Professor Ron Wright, Jones Byrd (’02) discuss U.S. Supreme Court weighing DWI case

In most cases, police officers have to get a warrant to search your home, but in North Carolina, they don’t need one to get a sample of your blood if you’re accused of driving while impaired.

This week, the U.S. Supreme Court is weighing whether or not that’s constitutional in a case from Missouri. The court hasn’t ruled yet, but whatever decision it makes will have wide implications in North Carolina, which is among about half the states that allow warrantless searches in DWI cases.

A person charged with DWI has the right to refuse to provide a sample of blood or take a breathalyzer, but that person’s driver’s license is automatically revoked for at least a year.

State law does allow a law-enforcement officer to compel someone who refuses to provide a blood or urine sample if that officer has probable cause to believe that the blood-alcohol concentration will dissipate before the officer can get a search warrant.

“In Forsyth County, it is rare to have a refusal of a breath sample where blood has not been taken,” said Jones Byrd (’02), a Winston-Salem lawyer who specializes in DWI cases.

At the center of the U.S. Supreme Court case is Tyler G. McNeely, who was stopped for speeding on a highway in Missouri. McNeely refused to take a breath test and declined to have his blood taken later at the hospital. The blood was taken anyway and showed a blood alcohol level of 0.15 percent, close to twice the legal limit, according to the New York Times. A decision in this case is expected in the summer.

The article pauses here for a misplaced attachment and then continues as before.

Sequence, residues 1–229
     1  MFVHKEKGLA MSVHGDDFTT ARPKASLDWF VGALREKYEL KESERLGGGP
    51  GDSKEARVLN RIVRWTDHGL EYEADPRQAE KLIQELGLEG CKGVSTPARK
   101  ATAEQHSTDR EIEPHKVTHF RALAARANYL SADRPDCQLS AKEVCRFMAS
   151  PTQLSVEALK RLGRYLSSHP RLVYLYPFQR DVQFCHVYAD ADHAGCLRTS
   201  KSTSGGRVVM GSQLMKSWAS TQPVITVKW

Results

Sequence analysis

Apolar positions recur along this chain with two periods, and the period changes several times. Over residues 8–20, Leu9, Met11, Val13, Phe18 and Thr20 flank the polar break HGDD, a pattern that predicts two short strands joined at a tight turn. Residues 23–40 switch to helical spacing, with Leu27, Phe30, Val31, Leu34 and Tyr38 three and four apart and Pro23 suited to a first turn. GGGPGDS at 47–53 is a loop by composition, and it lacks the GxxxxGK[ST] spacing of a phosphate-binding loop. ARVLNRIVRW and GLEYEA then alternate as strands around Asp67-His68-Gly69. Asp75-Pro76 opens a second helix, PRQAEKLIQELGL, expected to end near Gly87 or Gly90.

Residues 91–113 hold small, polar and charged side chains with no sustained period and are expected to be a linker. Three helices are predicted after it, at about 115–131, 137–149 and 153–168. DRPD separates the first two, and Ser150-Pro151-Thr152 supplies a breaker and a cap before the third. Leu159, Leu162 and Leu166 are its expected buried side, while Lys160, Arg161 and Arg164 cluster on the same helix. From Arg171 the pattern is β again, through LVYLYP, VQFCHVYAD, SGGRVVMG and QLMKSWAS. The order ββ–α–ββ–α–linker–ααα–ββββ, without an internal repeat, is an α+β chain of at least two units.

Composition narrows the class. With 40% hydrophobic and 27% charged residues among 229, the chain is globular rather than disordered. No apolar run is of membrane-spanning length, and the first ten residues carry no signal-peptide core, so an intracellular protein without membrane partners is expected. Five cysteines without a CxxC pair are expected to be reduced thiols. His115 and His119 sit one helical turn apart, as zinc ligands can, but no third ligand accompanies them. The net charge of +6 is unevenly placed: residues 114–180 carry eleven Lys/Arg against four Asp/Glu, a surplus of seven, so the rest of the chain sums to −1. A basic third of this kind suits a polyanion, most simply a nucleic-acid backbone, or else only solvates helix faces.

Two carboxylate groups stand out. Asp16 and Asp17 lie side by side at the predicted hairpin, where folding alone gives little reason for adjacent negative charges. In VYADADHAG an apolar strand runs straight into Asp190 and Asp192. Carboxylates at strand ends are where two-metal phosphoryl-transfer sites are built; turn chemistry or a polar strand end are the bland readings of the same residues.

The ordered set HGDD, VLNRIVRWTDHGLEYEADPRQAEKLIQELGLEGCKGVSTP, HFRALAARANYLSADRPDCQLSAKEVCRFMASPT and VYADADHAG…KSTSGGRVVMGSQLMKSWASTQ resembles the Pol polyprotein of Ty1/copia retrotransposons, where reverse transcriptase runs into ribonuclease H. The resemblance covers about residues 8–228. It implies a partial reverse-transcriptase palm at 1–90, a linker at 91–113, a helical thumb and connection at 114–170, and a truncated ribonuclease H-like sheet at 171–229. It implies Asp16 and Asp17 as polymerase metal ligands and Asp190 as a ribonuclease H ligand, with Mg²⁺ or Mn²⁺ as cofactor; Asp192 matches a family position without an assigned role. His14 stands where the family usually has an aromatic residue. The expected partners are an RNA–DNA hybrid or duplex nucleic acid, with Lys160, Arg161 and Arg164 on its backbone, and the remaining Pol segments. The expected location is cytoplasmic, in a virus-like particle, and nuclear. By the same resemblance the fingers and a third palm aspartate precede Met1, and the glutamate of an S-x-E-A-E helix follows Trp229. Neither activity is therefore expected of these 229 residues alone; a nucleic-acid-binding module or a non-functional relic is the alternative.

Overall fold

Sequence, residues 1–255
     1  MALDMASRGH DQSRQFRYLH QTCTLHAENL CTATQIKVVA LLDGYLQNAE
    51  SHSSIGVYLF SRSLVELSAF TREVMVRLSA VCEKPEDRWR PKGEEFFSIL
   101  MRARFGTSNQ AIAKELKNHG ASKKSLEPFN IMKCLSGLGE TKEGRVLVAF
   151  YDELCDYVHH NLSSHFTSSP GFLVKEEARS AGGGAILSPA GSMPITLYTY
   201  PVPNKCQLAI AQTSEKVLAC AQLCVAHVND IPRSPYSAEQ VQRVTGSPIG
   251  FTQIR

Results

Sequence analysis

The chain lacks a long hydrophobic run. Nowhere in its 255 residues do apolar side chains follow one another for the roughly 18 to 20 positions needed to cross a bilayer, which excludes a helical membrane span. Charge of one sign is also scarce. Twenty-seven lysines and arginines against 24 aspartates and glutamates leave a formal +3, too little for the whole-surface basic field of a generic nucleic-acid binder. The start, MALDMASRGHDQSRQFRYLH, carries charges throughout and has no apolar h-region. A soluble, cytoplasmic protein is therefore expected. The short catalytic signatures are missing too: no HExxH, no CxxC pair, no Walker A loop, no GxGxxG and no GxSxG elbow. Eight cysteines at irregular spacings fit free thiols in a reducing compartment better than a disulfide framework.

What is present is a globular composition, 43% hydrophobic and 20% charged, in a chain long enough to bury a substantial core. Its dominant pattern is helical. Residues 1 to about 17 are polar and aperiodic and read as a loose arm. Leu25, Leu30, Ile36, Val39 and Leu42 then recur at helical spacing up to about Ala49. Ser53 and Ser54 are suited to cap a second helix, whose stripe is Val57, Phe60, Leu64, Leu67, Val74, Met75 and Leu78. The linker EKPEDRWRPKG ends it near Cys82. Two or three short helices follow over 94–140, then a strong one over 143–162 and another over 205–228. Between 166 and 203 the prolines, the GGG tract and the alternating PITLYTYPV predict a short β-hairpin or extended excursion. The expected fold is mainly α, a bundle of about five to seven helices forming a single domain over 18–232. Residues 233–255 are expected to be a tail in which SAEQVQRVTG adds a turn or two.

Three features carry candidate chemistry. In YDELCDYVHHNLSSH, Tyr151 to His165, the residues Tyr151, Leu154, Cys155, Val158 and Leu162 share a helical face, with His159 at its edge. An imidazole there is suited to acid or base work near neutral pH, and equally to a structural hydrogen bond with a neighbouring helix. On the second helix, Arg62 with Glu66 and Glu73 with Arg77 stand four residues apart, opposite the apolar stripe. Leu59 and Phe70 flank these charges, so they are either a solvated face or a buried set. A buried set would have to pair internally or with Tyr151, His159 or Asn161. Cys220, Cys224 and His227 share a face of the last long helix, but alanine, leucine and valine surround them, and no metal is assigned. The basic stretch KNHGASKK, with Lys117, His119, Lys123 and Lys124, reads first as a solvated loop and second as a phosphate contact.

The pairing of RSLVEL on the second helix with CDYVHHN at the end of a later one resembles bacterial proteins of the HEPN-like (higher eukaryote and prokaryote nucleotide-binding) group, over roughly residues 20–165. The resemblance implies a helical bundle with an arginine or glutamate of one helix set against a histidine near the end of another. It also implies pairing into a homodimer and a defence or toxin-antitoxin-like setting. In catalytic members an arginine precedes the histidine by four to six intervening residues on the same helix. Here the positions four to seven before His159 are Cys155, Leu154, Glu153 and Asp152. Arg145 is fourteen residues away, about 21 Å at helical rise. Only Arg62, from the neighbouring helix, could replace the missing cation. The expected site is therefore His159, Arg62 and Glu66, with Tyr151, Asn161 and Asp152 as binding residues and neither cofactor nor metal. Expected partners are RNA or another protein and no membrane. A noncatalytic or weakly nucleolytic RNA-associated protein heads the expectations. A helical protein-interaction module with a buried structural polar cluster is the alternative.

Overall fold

A similar case in Forsyth County has gone all the way to the N.C. Court of Appeals, which hasn’t ruled yet. In that case, Kelvin Deon Wilson, a Winston-Salem man, said his rights were violated when a Winston-Salem police officer sat on him while he was lying on a hospital bed and ordered a nurse to take his blood. A Forsyth Superior Court judge overturned his conviction in January 2012, and the Forsyth County District Attorney’s Office appealed the case to the N.C. Court of Appeals.

Kathleen Joyce, Wilson’s appellate attorney, said Thursday that the N.C. Court of Appeals reviewed the case Nov. 15. She said she is waiting for the court to issue its decision.

“There are provisions under North Carolina law to compel a blood draw but there needs to be urgency,” she said. “There needs to be a reason why.”

Ron Wright, a professor at Wake Forest University School of Law, said he was surprised that the U.S. Supreme Court took up the Missouri case. There hadn’t been much legal debate about this area of the law, he said.

“It means that the court is looking to make some change,” he said. “At the end of the day, it could mean that it could be easier for police to gather evidence of a DWI. … It could expand the flexibility of law enforcement in this case and might spill over into other areas.”

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